Several respondents reported that the “open sharing of salary information” would help gender parity. Whilst most companies continue to keep salary information a black box, it becomes harder to be aware of, and consequently, police, the gender pay gap. Companies need to get increasingly comfortable talking about money, through paying all employees fair and equally in accordance with their experience level and their skillset, and have ways to communicate this effectively, we can take tangible steps to ensuring men and women are paid equally for the same work.

Wanting progression to be primarily “merit based” is cited as important. Most women (and men) were not in favour of quotas or box ticking. We want to be seen and awarded for our merit, we want to be hired because we are as good at the job as our male counterparts and we want to be respected and rewarded for the value that we add. This, however, can only really come to play if we have an “awareness of bias” and openly understand and discuss the inherent differences in perception.

Some female respondents think direct action, for sexist behaviour to be “called out”, is a positive route to gender equality. Others respond preferring to “handle it ourselves”. Based on this, the recommendation for male coworkers is to ask female coworkers how best they can support the individual, based on her preferences and nearly all (92%) of female respondents report wanting an open dialogue, where issues can be addressed together, discussed on a case by case basis.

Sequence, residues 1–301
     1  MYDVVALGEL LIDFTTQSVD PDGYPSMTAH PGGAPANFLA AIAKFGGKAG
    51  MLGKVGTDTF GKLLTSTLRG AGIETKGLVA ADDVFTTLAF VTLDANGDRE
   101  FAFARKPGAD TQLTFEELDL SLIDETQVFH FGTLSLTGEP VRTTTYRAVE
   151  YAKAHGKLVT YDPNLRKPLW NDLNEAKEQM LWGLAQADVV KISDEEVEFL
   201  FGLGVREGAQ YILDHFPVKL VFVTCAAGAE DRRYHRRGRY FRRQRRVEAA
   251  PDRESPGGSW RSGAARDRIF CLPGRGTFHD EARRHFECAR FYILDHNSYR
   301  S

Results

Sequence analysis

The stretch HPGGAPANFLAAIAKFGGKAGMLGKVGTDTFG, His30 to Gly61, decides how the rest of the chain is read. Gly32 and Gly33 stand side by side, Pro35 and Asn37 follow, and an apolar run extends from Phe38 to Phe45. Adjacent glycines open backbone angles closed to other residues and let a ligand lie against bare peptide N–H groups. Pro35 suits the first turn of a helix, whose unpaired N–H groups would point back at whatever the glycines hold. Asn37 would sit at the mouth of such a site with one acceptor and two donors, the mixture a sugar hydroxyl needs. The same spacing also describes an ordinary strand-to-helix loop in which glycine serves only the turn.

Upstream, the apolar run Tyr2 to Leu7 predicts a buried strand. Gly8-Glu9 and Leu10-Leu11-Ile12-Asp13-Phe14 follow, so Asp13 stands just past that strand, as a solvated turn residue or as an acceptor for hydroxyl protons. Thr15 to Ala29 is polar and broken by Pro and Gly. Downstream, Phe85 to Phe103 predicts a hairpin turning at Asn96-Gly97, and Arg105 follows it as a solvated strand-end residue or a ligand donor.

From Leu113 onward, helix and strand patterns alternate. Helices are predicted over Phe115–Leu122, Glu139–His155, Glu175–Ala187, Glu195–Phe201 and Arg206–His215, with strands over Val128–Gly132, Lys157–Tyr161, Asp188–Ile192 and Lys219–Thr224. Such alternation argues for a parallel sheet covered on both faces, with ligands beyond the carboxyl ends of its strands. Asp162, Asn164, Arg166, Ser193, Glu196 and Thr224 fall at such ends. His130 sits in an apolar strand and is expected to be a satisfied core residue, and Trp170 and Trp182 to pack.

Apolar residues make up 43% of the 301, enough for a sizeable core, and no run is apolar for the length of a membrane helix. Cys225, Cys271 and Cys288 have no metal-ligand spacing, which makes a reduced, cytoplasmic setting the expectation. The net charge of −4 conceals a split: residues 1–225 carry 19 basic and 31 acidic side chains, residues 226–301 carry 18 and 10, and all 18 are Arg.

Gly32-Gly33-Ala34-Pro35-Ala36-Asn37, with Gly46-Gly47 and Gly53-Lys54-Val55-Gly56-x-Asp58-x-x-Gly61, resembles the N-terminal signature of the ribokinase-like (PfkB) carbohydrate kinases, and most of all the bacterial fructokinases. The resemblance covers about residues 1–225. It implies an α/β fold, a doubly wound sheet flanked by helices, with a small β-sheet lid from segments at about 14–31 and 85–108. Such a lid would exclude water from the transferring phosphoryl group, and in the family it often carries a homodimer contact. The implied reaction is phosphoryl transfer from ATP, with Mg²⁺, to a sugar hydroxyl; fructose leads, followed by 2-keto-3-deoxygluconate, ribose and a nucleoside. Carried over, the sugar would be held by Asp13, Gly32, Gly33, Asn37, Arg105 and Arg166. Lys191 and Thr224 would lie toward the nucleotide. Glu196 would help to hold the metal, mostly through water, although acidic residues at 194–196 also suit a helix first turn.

The first step to achieving true gender parity in the workplace is through open conversation. As women, we can share research and statistics on the inequality, discuss our experiences and ask others to work with us, to allow us to bring all our knowledge and unique perceptions to the table, because it is with fostering a wide range of diverse voices, that businesses will continue to grow and succeed.

Author bio

Kirsty Hulse is the Founder of Manyminds, a marketing agency working with clients such as Virgin Atlantic, Claire’s and IBM and has recently founded Roar Training, confidence, communication and allies workshops that level the professional playing field. For nearly ten years, she has travelled around the world speaking at conferences to audiences of thousands, and is a seasoned stand-up comic who ran a sold out one woman show at the 2017 Edinburgh Fringe.

She has trained with ICF accredited Neuroleadership Institute, to apply the fundamentals of neuroscience to enable better conversations, grow self belief and regulate nerves. She believes, passionately, that a recognised, empowered workforce improves collaboration, creativity and internal and external communication. She is a bestselling author of the award nominated “The Future is Freelance” and lives in Devon with her husband and their baby daughter, Amazon Alexa.